Though not all the characters grabbed me as strongly as others, this collection of character pieces still stand as a worthy follow up to book one. Secondary characters are more fleshed out and the overall mythology of the witch world Devin's created is added to. If you liked book one, definitely check out this one!

Wednesday, February 1, 2017

REVIEW: Marlene by C. W. Gortner

by C. W. Gortner

Publisher: William Morrow
Page Count: 432
Release Date: May 24, 2016
Format: Hardcover

How got: local library

First attention getter: subject matter


From GoodReads:

A lush, dramatic biographical novel of one of the most glamorous and alluring legends of Hollywood’s golden age, Marlene Dietrich, from the gender-bending cabarets of Weimar Berlin to the lush film studios of Hollywood—a sweeping story of passion, glamour, ambition, art, and war from the author of Mademoiselle Chanel.

Raised in genteel poverty after the first World War, Maria Magdalena Dietrich dreams of a life on the stage. When a budding career as a violinist is cut short, the willful teenager vows to become a singer, trading her family’s proper, middle class society for the free-spirited, louche world of Weimar Berlin’s cabarets and drag balls. With her sultry beauty, smoky voice, seductive silk cocktail dresses, and androgynous tailored suits, Marlene performs to packed houses, and becomes entangled in a series of stormy love affairs that push the boundaries of social convention.

For the beautiful, desirous Lili Marlene, neither fame nor marriage and motherhood can cure her wanderlust. As Hitler and the Nazis rise to power, she sets sail for America. Rivaling the success of another European import, Greta Garbo, Marlene quickly becomes one of Hollywood’s leading ladies, starring with legends such as Gary Cooper, John Wayne, and Cary Grant. Desperate for her return, Hitler tries to lure her with dazzling promises. Marlene instead chooses to become an American citizen, and after her new nation is forced into World War II, tours with the USO, performing for thousands of Allied troops in Europe and Africa.

But one day she will return to Germany. Escorted by General George Patton himself, Marlene is heartbroken by the war’s devastation and the evil legacy of the Third Reich that has transformed her homeland and the family she loved.

An enthralling and insightful account of this extraordinary legend, Marlene reveals the inner life of a woman of grit, glamour, and ambition who defied convention, seduced the world, and forged her own path on her own terms.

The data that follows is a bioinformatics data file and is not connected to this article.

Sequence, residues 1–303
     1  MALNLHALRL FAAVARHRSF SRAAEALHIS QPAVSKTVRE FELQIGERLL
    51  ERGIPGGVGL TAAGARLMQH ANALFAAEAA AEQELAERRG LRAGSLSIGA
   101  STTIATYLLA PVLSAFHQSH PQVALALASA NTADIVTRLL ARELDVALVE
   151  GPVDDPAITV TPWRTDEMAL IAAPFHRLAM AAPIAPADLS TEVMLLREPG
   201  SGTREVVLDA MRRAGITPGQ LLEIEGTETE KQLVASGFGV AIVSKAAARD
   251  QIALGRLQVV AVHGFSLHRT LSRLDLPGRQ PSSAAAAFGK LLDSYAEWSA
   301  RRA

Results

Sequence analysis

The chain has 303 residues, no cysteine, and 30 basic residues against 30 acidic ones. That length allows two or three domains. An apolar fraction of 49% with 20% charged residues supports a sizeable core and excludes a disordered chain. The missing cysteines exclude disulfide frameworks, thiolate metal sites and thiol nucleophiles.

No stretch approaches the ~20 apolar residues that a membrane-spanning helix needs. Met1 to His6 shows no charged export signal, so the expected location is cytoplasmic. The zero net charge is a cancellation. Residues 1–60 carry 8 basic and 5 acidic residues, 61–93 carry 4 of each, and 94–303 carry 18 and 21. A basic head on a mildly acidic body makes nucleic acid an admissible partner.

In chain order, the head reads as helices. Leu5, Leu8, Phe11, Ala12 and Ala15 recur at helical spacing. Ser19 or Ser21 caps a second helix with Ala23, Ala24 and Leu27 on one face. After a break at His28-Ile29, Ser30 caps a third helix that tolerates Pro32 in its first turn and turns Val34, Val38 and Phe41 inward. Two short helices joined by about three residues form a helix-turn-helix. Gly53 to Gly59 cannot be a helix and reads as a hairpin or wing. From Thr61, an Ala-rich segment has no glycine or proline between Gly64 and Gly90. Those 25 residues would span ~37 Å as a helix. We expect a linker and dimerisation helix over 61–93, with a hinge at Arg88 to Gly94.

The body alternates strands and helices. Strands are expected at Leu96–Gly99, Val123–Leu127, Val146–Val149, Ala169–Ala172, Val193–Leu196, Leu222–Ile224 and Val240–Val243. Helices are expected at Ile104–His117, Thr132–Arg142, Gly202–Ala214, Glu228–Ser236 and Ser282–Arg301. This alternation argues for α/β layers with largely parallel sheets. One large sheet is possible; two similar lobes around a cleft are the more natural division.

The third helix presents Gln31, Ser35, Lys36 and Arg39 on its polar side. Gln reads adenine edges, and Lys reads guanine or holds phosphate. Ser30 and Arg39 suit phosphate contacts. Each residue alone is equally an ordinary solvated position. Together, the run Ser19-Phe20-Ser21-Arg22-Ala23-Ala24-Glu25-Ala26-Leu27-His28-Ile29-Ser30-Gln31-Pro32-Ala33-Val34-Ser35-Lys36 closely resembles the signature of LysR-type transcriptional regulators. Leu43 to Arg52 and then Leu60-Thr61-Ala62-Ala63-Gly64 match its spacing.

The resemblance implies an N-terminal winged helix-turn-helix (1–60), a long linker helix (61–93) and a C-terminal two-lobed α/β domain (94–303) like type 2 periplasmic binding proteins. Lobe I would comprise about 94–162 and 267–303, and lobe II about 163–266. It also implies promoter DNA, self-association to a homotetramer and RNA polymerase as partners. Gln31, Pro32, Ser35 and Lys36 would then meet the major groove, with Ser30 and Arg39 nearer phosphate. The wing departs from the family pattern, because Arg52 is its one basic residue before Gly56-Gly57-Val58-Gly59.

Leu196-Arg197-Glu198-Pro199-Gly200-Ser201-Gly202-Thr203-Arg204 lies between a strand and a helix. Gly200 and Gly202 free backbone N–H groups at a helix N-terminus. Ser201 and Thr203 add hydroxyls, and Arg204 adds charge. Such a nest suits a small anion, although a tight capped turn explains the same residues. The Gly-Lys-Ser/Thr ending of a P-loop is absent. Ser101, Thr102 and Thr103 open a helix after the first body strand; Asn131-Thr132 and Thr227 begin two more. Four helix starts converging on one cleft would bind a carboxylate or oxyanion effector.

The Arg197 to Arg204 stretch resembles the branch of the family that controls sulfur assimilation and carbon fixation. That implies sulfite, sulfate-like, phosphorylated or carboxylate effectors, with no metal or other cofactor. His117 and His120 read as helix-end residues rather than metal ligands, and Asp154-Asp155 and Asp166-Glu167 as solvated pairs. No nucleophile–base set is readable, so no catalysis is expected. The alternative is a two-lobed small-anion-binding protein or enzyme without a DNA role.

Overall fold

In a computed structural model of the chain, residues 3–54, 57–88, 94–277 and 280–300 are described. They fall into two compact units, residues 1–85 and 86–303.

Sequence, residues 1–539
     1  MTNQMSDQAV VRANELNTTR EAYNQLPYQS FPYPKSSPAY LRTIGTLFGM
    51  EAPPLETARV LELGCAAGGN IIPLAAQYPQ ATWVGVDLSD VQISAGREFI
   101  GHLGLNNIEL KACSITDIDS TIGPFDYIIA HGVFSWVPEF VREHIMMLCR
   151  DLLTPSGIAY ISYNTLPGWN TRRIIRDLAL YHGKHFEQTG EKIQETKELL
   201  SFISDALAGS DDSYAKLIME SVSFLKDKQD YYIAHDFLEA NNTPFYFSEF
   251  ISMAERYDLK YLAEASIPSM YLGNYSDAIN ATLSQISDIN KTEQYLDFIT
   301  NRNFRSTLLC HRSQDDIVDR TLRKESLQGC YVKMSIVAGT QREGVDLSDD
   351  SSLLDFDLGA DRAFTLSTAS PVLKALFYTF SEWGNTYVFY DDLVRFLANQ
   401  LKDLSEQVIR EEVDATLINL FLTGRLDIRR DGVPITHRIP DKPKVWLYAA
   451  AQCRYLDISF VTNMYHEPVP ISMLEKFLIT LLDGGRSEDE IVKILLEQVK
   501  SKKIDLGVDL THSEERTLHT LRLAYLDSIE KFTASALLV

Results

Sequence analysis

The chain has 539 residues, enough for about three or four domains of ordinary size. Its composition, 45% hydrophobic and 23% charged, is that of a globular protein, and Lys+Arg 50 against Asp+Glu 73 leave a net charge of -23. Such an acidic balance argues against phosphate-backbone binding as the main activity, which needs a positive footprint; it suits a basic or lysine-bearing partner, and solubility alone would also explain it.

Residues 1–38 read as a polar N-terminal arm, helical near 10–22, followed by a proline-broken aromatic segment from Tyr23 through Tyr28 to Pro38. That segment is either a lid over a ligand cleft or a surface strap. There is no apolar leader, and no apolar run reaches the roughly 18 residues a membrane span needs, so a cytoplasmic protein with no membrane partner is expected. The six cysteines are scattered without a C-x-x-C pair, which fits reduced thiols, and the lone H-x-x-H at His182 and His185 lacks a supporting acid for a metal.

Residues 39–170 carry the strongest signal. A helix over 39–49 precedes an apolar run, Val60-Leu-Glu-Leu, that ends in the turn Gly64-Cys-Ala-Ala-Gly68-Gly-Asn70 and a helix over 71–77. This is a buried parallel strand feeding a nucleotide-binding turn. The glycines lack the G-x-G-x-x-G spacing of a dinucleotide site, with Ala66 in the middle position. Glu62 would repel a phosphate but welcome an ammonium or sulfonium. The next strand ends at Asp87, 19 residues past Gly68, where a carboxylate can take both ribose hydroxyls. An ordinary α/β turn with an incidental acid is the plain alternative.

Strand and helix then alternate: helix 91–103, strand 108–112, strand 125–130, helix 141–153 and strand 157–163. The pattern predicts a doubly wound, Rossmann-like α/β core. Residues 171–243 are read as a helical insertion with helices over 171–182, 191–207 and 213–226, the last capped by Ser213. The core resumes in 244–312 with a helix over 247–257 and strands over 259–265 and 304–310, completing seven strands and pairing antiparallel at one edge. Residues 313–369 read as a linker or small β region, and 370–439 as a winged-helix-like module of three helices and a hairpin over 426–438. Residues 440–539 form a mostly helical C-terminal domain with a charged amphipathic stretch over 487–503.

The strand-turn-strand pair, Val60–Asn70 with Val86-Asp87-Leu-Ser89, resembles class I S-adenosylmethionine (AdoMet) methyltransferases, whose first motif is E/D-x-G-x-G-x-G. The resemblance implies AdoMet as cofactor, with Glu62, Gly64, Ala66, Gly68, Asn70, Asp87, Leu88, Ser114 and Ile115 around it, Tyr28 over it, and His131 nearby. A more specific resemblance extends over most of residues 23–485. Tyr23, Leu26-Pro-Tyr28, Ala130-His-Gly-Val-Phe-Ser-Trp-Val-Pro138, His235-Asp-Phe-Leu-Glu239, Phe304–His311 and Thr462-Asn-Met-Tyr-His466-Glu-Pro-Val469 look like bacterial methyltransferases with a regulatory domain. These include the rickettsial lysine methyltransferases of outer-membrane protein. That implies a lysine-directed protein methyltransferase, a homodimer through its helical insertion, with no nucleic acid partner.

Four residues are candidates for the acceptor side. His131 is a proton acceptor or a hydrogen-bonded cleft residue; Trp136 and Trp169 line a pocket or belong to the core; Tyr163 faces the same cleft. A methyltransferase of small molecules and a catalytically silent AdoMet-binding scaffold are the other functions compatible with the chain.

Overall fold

My Thoughts:

Star Rating - 5

Ah Gortner... He's one of those authors that you know is going to be good when reading his works. He knows how to create dramatic characters in an equally dramatic setting to create a story that stands out. This book is no different!

Before starting this work, the most I knew about Marlene Dietrich was that she was a famous black and white movie actress from the World War II era and that she was an ardent anti-Nazi. What the author has done has flesh her out so completely that I felt I was meeting someone completely new. He gives her such a rich background and shows us as she develops into the personality history comes to know, that the reader can't help but be held fixated by.

I love how the author showed us so many aspects of her background. World War I, acting school, her many affairs, and her nightlife in decadent 1920s Berlin all show us the complex character that can't be fit in any one character mold. She's one of those personalities that defies convention and compartmentalization.

Her best admirable aspect, though, that the author showed was Marlene’s brash disregard for how the world saw her. She didn't let society, family, lovers, or the movie industry dictate who she was or how she thought. Any woman who has the balls to show even a small part of her true self to the world is to be admired.

Then of course, there is the author’s usual talent at historical detail. Not only is history explored and used to develop Marlene; equal measure is given to history itself. The author gives us an intimate and intricate look at a society on the brink. The interwar years in Germany were a time of great change, with political organizations popping into and out of office with disturbing regularity. Berlin provides an incredible backdrop for the story of both Marlene and of the development of Germany into the fascist state we knew it became. It was fascinating to see how Berlin developed from decadent night clubs where porn shows were the norm to a city full of jack boots and censorship. Seeing Germany's descent into madness through Marlene’s eyes contributed to the overall historical tone of the story as well as to her own growth and journey.

Needless to say, even though the year is yet young, I think I'm safe to say this book is among my best of 2017. The author has created a glorious story of a country in flux, torn between so many mirrors of itself that no one knows the true Germany. Along with that tale, we get a hell of a woman who is full of grit, courage, and enough ambition to topple Hollywood. Marlene is one of those personalities that you can't help but love and admire. It's safe to say that I will be looking for more of this author’s work, if this book is any indicator of his level as a writer.